It's only a 5k race and it was supposed to be my second of the year - until I had a rush of blood to the head and decided that a half marathon interstate was an awesome idea. And it was, despite all the anxiety in the week leading up to it.
I have no doubt that I might get a little wobbly next Sunday morning too. So why do I enter races if they make me nervous?
There's something incredibly character building about racing. For me it's in the realm of "do one thing every day that scares you" - thanks Eleanor Roosevelt for taking me out of my comfort zone.
Racing makes you work hard towards a goal. Focus on one point in time. And makes you muster all your energies and mental strength at that particular point in time to achieve a goal. The goal may be simply to finish, or to run the entire way or it may be to reach a certain time. It really doesn't matter - just having a goal is the scary bit because it makes you aware that failure is a definite possibility.
Most of us don't like to fail. But putting ourselves in a position where we can fail makes the achieving of the goal so much more special. Nothing beats the high that running a PB give you.
Racing helps you train with purpose. Each workout has a reason - to build speed or leg strength or endurance. Or maybe it's to increase your lactate threshold so you can hold a faster speed for a longer period of time. It's harder to blow off a training session because it's raining or cold or you just can't be bothered when you know you've got a race coming up.
But the biggest benefit of racing, for me comes within the race. And it's not about your physical strength. It's about what happens in your head. It's whether you can beat those negative voices that are telling you that you're going too hard. That you won't be able to keep it up. That it's hurting and you have to slow down. That you don't care anyway - when you really do.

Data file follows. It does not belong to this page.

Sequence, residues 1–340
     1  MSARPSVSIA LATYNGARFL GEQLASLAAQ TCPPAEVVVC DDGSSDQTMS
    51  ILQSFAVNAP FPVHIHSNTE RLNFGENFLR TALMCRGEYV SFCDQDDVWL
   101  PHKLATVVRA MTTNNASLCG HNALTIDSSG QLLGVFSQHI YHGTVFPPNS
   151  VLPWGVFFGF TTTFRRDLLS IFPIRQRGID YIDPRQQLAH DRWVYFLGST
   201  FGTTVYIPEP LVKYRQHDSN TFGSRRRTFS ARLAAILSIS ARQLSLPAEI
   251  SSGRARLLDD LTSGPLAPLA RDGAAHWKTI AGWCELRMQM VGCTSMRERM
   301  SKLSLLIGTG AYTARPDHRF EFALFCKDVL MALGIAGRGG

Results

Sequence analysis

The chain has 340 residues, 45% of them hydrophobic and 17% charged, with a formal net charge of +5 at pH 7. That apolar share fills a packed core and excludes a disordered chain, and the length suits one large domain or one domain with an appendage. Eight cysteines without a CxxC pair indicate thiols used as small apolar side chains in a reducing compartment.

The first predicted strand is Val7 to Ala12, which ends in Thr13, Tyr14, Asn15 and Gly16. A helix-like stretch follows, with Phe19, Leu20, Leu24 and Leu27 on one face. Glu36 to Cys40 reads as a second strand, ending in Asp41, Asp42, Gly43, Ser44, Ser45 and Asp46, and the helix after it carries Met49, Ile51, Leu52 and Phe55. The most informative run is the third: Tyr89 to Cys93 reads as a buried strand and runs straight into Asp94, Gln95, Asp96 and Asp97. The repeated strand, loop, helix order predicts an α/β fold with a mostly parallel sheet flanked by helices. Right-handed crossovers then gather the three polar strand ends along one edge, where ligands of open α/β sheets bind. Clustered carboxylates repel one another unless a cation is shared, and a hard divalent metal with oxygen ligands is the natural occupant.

Testing yourself like that, plumbing your inner depths and finding out just how strong you really are, has benefits that can follow you into every aspect of your life. It gives you the confidence to know that you can weather storms, you can endure right to the end, that you have a strong and indomitable spirit.
Racing, for me at this point in my life is all about learning to have faith in myself again. Over the last couple of years with all my confusing medical issues I lost a lot of faith in my body and my mind and even after having just two races under my belt I'm starting to rebuild trust in myself again.
In fact 'faith and trust' were the words running through my head during last Tuesday's speed session. We were doing 1k and 2k alternating reps. Only 48hrs after running the half in Sydney, I wasn't really sure how my legs would be feeling. And in the first rep I could feel that they were a little bit tired. But those two little words kept coming to me and I tried to just focus on each rep and finishing off that rep strong. Instead of doing what I've done so many times in the past - dying in the last couple of reps - I managed to do my last couple of reps as my fastest.
So I will continue to get out there and race even if it makes me nervous. And maybe in time it'll be something I just take in my stride.
Do you have any other reasons why you race?